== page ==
Full Circle

After watching countless movies, reading hundreds of books and binging on multiple TV series, I’ve learned one thing — all good narratives end where they began.

If you studied English or journalism in college, you may have learned this technique.  If you paid attention to your high school English teacher, you’d recognize this as the intro, three paragraphs and conclusion method, where the conclusion should summarize and then tie back to the introductory paragraph.

The beginning of an exciting journey is also the ending.

I haven’t posted in over a year, and to be honest, that disappoints and saddens me.  One of my greatest pleasures involves reflecting, followed by writing.  I’ve held true to that since I can remember.  The power of words held significance for me when I was young, and continued to motivate me as I grew.

Starting my sophomore year of college, all I wanted was to move to New York City after graduation.  I landed an internship by chance around that time in NYC and fell in love.

I wish I could convey the power and energy I felt during that summer without sounding cliche, but I don’t think it’s possible so I won’t try.

I set my goal: move to the Big Apple.  Most people close to me are quick to make the point that if I set my mind to something, I’ll accomplish it, I’ll achieve it…. I’ll get what I want.

Long story short, I moved to New York City.  I packed one suitcase and one carry on, booked a one-way flight with an apartment that a generous, young, hipster couple sublet to my friend and me for 26 days, and I left for New York.

As I mentioned, all good narratives end at the beginning.  Or maybe, they begin at the ending.  My last post, over a year ago (in contrast to my earlier habitats of posting daily) was at the beginning of my New York journey.  It’s no coincidence that it ended there.

I made the move to New York to inspire me.  I knew with certainty that my new city would bring out another side of me that hid away.  But then I stopped writing.

It may seem insignificant to someone else — everyone keeps a diary every now and again so if you stop writing, who cares?  But I know myself, and when I feel no motivation to write, I know something is wrong.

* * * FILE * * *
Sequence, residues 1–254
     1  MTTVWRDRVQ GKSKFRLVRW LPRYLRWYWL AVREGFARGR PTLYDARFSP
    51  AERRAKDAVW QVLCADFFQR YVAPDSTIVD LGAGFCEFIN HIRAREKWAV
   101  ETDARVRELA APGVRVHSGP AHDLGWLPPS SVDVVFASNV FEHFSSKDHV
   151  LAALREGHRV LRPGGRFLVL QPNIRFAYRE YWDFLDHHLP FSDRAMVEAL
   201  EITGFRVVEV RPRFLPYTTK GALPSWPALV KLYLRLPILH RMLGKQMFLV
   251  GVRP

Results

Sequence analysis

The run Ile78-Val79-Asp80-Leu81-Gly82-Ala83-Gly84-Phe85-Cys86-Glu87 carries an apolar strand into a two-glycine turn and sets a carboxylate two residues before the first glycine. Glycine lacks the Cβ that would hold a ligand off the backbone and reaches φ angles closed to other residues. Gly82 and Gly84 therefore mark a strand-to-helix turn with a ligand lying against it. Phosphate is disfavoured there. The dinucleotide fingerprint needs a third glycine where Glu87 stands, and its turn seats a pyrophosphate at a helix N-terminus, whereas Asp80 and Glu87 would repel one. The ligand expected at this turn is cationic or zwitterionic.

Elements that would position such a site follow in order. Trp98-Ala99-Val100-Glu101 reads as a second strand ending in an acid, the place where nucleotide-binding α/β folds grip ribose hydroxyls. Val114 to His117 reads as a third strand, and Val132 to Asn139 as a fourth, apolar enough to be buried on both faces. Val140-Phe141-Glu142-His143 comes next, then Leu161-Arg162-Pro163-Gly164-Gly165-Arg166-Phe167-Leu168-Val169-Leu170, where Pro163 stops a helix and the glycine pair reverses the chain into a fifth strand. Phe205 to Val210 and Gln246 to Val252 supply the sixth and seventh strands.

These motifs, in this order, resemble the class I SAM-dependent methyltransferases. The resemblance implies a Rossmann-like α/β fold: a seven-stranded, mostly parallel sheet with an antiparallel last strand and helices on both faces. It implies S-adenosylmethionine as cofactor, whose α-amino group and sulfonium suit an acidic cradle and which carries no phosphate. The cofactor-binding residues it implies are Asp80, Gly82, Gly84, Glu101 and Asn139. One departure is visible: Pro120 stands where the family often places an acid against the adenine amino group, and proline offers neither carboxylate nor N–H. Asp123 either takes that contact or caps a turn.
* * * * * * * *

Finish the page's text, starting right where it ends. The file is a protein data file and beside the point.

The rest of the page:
And for 11 months, despite the amazing city I lived in and the most absurd and would-be inspiring moments I experienced, I was not moved to write.

So here I am at the end of my narrative, where I began, back home and miles away from New York City.  Some people may classify my year away as a failure: she wanted so badly to move away and now she’s back, she couldn’t handle it.  Most people are indifferent, as I would be if one of my acquaintances was writing this (cheers to you if you’re reading, I promise it gets more interesting later) and then a group that I hope continue to read that know that live consists of many choices.

I lost myself for a year.  I experienced a sadness new to me.  I learned what it felt to be numb.

If you knew me prior to my year in New York, you know the significance of my statement of sadness.  For those of you who experience my writing for the first time, hang tight.  We’ll go on this journey together.

All good narratives end where they begin.

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Cheers to NYC

photoAs the plane suddenly jolted to 50 mph, I started to feel excited.  It was a foreshadowing of everything that is to come.  You taxi for at least 10 minutes, going so slow you barely even realize you’re moving.  You have time to see everything going on around you.  You have time to think about what is happening.

And then all at once, everything is speeding by you — or really, you are speeding by everything.  There’s no time to think.  Just enough time to realize that you’re finally on your way to where you want to go.

So as I enjoyed those last few moments staring out the plane window (from a window seat because the guy next to me offered up his seat… good omen?) I can’t help but hope that my life is about to turn into the blur that is seconds from take-off.

The soaring where the ground below you slowly turns into an unsymmetrical pattern of lines and circles.  Where you can barely see where you came from, (but you know it does exist if you ever need to go back) and you know that you are on your way to where you want to be.

Cheers to a new life in the great NYC.